The collaborative divorce process seeks to take the antagonistic and combative side of divorce out of the equation. When couples enter into the collaborative law process, they use mediation and peaceful negotiations to settle their disagreements, thereby saving money, time and emotional heartache. Unlike other types of divorce mediation proceedings, though, collaborative law is a special methodology in which the lawyer must be trained and certified before he or she can carry out the process on behalf of one’s clients.

Collaborative law divorces follow a step-by-step plan for finalizing settlements and completing the divorce. Before engaging in the process, both spouses must agree to carry out their divorce via collaborative law proceedings. Furthermore, each must obtain his or her own collaborative law attorney for the negotiations. An attorney who tends to be aggressive and combative is not the kind you want if you plan for your proceedings to be successful.

Before the collaborative meetings begin, each party will meet with his or her legal representative separately. During this meeting, spouses will inform their attorneys of what they want, while keeping in mind that compromises could be required. However, it is important at this stage for spouses to tell their attorneys what their limits are.

Next, a four-way meeting between each spouse and his or her respective attorney will take place on multiple occasions. Party neutral professionals, like child psychology experts, accountants and other experts will likely come to some of these meetings to help bring their informed opinions to the proceedings so the parties can reach peaceful accord. A licensed neutral mediator may also play an important role in “keeping the peace.” Finally, the collaborative law process will be considered successful if both parties can reach an out of court settlement.

Remember: a trained collaborative law attorney is necessary to finalize divorce proceedings peacefully and cost effectively via the collaborative law process. In addition, a diplomatic attitude and a willingness to reach agreement and accord will be required by both parties on either side of the divorce.

Source: FindLaw, “How Collaborative Divorce Works: FAQs,” accessed Jan. 19, 2016

How amicable are Texas divorces?

There are many options other than litigation for handing important issues in a divorce. One such option is pursuing a collaborative divorce.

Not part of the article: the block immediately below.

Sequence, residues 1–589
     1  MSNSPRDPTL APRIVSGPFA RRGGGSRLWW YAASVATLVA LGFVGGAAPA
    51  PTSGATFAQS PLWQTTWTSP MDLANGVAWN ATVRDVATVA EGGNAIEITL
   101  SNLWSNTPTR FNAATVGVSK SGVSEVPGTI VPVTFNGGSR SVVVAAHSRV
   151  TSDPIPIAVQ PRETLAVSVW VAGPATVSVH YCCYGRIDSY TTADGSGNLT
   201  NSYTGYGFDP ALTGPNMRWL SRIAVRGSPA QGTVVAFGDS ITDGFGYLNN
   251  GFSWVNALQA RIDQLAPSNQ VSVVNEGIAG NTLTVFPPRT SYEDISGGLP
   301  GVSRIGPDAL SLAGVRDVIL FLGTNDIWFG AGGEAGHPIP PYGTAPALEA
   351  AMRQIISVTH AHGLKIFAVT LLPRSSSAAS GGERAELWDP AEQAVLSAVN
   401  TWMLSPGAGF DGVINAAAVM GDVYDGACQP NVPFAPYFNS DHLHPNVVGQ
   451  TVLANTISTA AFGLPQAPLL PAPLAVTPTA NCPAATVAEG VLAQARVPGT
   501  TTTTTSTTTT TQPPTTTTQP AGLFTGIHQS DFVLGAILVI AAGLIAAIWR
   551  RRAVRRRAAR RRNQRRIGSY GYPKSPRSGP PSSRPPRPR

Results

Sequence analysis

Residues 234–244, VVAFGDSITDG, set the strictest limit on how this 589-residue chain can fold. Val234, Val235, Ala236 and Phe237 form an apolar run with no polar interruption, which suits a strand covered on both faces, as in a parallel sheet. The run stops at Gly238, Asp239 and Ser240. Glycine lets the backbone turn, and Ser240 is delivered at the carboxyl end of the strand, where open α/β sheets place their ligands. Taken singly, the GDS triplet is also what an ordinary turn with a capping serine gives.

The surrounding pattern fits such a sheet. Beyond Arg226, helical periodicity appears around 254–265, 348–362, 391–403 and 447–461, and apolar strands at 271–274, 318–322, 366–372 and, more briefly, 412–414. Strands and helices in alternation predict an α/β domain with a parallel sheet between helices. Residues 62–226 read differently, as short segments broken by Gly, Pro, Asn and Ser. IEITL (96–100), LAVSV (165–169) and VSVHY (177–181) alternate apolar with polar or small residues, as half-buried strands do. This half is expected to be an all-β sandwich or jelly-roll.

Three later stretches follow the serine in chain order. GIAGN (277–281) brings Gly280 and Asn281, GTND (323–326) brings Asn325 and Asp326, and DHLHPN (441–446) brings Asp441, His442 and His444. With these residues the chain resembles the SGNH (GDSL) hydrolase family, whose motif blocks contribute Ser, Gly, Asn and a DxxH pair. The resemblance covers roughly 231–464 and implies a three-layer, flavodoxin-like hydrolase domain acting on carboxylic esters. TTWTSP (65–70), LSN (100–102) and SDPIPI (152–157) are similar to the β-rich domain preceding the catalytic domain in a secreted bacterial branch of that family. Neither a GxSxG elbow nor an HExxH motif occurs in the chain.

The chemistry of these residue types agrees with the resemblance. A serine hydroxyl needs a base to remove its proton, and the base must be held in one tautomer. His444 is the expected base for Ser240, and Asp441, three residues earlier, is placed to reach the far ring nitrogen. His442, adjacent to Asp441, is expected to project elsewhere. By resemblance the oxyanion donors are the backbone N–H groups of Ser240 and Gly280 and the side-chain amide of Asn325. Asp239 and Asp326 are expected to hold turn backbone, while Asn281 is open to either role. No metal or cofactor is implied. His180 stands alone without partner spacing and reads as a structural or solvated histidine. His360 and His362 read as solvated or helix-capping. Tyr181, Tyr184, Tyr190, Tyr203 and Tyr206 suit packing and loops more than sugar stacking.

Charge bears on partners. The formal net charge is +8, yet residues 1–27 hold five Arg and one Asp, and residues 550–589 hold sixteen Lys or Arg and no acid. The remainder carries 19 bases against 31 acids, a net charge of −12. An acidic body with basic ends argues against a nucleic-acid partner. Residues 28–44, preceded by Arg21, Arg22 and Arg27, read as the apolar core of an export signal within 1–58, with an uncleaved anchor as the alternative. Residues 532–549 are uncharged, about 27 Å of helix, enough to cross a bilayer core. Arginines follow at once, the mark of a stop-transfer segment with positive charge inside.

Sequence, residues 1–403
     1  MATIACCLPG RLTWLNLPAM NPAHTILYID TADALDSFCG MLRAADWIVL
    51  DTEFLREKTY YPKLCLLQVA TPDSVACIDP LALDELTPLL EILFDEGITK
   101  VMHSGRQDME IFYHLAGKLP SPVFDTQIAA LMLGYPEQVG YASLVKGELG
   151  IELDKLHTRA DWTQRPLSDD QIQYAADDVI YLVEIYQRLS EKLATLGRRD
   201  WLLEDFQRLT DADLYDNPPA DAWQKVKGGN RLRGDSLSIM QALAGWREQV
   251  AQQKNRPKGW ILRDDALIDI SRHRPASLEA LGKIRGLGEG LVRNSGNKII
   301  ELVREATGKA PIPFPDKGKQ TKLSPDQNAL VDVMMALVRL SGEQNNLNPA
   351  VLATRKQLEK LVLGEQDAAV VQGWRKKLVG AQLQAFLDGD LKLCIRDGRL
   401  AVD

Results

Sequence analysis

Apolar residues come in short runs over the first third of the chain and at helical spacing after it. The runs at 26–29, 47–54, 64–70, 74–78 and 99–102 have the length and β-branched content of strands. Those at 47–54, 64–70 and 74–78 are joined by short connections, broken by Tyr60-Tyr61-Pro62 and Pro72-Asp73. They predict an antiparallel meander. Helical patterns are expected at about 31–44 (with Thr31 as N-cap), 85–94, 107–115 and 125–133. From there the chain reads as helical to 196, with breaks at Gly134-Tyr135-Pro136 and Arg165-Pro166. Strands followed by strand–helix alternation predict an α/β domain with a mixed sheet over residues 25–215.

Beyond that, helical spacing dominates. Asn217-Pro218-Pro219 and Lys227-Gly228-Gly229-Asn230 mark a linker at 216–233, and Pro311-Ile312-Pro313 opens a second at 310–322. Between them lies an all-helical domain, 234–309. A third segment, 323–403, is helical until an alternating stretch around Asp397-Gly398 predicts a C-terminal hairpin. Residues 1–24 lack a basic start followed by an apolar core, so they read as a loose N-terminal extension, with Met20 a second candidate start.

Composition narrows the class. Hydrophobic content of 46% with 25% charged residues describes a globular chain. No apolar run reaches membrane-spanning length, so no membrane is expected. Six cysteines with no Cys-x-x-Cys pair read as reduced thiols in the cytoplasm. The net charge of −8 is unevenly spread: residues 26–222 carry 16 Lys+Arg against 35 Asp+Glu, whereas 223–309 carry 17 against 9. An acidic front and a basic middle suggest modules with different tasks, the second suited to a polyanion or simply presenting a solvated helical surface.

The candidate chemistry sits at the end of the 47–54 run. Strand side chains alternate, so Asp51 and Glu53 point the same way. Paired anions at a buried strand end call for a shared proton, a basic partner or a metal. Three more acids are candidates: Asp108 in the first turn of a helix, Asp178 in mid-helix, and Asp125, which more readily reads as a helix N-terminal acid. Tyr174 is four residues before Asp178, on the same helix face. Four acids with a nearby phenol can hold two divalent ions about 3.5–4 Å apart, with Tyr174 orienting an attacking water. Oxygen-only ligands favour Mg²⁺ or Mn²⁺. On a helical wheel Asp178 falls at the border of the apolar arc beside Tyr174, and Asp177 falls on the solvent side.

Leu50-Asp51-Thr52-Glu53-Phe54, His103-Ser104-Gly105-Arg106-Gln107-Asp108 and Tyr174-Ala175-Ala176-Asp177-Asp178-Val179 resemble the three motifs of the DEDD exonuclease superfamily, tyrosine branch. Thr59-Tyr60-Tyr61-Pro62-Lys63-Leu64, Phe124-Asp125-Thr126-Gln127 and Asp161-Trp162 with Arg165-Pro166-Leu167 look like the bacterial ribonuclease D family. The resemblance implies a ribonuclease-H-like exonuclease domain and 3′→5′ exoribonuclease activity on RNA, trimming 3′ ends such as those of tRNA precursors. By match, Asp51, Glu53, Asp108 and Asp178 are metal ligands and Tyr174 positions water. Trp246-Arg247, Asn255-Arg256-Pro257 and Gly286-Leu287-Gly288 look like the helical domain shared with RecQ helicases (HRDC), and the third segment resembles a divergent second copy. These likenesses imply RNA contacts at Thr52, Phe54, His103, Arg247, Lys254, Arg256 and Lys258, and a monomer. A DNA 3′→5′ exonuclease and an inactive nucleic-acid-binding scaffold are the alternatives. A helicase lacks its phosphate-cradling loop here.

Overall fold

Collaborative divorce is an alternative dispute resolution method that involves divorcing individuals engaging in cooperative negotiations to try to reach agreements on the key matters in their divorce. The process typically involves the parties signing a contract prior to the negotiations which outlines how the parties are to act during the collaborative negotiation process.

Many different things can play a role in whether collaborative divorce would work in a given divorce. Family law attorneys can provide divorcing individuals with detailed explanations of the collaborative divorce process and advice on whether collaborative divorce may be a good option for their divorce given their particular circumstances.

There are many upsides collaborative divorce can have. In some instances, the collaborative divorce process can help with keeping a divorce amicable.

An amicable divorce is something that many divorcing individuals want. How common are amicable divorces in Texas? A recent study indicates that Texas divorces are, generally speaking, more amicable than the divorces in a good deal of the rest of the country.

In the study, the states and Washington D.C. were ranked on divorce amicability. In determining how amicable divorces generally are in a state, the study used information divorcing couples had provided online.

In the study, Texas made the top ten for states where divorces are the most amicable. Specifically, the study ranked Texas 10th in the country for amicable divorces.

Do you think that Texas divorces tend to be fairly amicable as compared to other places in the country? If so, what do you think is responsible for this? What do you think are some of the best ways of keeping divorces from turning contentious?

Source: KFOR, “Study shows where the happiest divorces happen,” Dallas Franklin, Sept. 21, 2015

Lessons from celebrity divorces